— 1.2 —

Rhetias, a reduced-in-status courtier who was carelessly dressed, stood alone in another room in the palace. He was so reduced in status that foolish courtiers such as Pelias called him “sirrah,” a term that a man of higher status called a man of lower status.

He had been abroad but had just returned to Cyprus.

Rhetias was cynical and seriously thought about Stoic ideas.

He said to himself, “I will not court the madness of the times, nor fawn upon the riots that embalm our wanton gentry, to preserve the dust of their affected vanities in coffins of memorable shame.

“When commonwealths totter and reel from that nobility and ancient virtue that make renowned the great, who steer the helm of government, while mushrooms grow up, and make new laws to license folly, why shouldn’t I, a May-game — a laughing-stock — scorn the weight of my sunken fortunes?”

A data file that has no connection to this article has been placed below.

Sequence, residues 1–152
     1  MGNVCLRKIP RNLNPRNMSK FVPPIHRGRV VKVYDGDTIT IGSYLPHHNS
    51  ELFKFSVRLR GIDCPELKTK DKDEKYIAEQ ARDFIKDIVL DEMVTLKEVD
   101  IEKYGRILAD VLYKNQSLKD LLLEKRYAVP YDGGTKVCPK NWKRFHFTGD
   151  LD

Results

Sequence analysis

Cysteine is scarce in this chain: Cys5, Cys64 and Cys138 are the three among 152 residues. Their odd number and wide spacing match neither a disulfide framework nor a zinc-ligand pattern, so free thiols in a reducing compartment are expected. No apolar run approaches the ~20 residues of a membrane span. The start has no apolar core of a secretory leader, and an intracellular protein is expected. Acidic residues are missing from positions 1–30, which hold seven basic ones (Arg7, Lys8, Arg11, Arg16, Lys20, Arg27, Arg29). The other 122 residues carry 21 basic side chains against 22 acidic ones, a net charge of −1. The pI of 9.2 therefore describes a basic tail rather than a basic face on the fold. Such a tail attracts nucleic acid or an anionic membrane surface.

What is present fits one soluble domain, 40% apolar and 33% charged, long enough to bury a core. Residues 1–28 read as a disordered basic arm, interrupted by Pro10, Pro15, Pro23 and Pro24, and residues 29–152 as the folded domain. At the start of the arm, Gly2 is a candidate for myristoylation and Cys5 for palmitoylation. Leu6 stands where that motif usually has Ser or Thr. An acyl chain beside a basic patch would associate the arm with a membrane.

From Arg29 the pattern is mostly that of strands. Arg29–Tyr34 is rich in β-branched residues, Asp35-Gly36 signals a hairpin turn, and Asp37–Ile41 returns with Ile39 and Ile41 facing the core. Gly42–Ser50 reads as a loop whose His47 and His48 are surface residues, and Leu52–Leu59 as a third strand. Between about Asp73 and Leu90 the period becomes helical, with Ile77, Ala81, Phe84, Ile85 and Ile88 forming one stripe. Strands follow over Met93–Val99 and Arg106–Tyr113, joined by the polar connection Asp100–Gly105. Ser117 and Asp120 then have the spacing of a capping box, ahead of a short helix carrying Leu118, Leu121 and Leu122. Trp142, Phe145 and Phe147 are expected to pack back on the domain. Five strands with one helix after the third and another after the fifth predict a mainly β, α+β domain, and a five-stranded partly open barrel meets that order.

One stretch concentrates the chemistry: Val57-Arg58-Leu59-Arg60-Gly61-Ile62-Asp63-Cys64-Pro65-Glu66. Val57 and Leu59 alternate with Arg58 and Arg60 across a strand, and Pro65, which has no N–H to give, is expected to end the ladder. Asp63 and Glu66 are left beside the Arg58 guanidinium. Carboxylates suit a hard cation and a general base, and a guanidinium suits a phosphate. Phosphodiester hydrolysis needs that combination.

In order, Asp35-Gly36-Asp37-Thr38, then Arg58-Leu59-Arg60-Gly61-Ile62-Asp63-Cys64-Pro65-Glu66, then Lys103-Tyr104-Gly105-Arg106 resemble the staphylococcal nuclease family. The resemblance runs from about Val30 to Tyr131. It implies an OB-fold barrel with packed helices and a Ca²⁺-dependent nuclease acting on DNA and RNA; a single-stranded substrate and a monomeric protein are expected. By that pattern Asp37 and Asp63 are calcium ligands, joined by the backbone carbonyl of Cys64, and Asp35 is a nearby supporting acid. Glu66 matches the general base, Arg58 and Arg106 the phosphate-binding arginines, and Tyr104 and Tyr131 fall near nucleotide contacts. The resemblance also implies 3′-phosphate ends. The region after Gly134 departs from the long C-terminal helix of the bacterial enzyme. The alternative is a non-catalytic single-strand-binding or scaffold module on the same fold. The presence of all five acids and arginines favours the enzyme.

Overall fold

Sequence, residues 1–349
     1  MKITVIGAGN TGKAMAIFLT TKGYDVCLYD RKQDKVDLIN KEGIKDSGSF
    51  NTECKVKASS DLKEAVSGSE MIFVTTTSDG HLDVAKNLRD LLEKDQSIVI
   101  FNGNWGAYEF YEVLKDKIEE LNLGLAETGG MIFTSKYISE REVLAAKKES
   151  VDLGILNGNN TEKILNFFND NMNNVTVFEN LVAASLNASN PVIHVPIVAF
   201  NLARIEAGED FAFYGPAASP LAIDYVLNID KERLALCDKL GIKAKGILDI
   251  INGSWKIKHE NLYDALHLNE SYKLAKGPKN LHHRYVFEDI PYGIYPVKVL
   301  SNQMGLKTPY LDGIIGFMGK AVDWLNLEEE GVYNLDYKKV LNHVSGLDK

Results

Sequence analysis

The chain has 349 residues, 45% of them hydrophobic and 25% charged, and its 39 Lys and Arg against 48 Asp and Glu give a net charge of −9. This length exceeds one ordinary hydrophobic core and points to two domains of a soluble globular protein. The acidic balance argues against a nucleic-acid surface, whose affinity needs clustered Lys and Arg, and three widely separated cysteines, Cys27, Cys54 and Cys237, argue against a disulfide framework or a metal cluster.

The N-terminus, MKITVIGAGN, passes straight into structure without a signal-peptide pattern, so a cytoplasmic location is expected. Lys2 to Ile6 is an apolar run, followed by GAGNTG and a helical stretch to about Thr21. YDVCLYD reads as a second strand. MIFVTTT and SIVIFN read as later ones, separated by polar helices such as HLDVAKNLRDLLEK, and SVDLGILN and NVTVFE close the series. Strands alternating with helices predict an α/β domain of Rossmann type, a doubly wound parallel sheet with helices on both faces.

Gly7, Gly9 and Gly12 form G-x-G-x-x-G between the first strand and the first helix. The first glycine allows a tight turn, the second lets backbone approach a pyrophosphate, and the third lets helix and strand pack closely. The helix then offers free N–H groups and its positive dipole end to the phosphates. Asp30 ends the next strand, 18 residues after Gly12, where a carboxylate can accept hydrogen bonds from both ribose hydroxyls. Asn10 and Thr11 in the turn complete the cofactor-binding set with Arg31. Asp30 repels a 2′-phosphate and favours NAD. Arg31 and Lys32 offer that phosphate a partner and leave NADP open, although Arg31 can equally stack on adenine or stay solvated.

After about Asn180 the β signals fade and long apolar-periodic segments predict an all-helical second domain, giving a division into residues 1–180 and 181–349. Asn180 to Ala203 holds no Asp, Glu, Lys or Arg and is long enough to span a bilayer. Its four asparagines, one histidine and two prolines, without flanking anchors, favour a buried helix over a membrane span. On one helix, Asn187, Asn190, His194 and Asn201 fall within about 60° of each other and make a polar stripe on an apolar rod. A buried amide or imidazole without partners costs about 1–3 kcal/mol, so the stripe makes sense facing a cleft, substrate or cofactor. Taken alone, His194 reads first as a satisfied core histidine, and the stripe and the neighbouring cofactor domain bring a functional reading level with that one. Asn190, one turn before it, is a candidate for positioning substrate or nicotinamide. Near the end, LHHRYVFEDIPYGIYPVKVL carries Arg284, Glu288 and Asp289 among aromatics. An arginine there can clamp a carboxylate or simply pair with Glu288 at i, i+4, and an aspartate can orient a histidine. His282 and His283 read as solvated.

He was saying that times were bad, and mushrooms — upstarts quickly gaining prominence in politics — were springing up and passing laws that permitted foolish behavior.

Rhetias continued, “Why shouldn’t I snarl at the vices that rot the land, and, without fear of consequences or use of discretion, be my own buffoon?

“It is an entertainment to live when life is irksome, if we will not value prosperity in others and if we will not condemn affliction in ourselves.

“This rule is certain: He who seeks his safety and security from the study of statecraft must learn to be a madman or a fool.

“Ambition, wealth, ease, I renounce the devil that damns you here on earth.

“Either I will be my own source of amusement, or my own tormentor. So be it!”

He could either laugh at his misfortune or wallow in his despair.

Seeing Pelias the foolish courtier coming toward him, he said to himself, “Here comes news — gossip about the court.”

Pelias said, “Rhetias, I have sought you out to tell you news — new, excellent new news.

“Cuculus, sirrah, that gull, that young old gull, is coming this way.”

A gull is a simpleton.

Cuculus, like Pelias, was a foolish courtier.